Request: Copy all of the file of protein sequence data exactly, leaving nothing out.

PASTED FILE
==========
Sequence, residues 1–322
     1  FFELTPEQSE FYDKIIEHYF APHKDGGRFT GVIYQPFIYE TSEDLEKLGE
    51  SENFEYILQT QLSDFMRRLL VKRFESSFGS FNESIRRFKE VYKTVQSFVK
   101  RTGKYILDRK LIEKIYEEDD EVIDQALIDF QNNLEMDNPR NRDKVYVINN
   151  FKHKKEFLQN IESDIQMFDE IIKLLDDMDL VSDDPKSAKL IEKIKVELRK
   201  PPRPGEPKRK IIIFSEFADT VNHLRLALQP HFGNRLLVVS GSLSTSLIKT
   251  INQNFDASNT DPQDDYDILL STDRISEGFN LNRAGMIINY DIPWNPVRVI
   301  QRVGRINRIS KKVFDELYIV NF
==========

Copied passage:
Sequence, residues 1–322
     1  FFELTPEQSE FYDKIIEHYF APHKDGGRFT GVIYQPFIYE TSEDLEKLGE
    51  SENFEYILQT QLSDFMRRLL VKRFESSFGS FNESIRRFKE VYKTVQSFVK
   101  RTGKYILDRK LIEKIYEEDD EVIDQALIDF QNNLEMDNPR NRDKVYVINN
   151  FKHKKEFLQN IESDIQMFDE IIKLLDDMDL VSDDPKSAKL IEKIKVELRK
   201  PPRPGEPKRK IIIFSEFADT VNHLRLALQP HFGNRLLVVS GSLSTSLIKT
   251  INQNFDASNT DPQDDYDILL STDRISEGFN LNRAGMIINY DIPWNPVRVI
   301  QRVGRINRIS KKVFDELYIV NF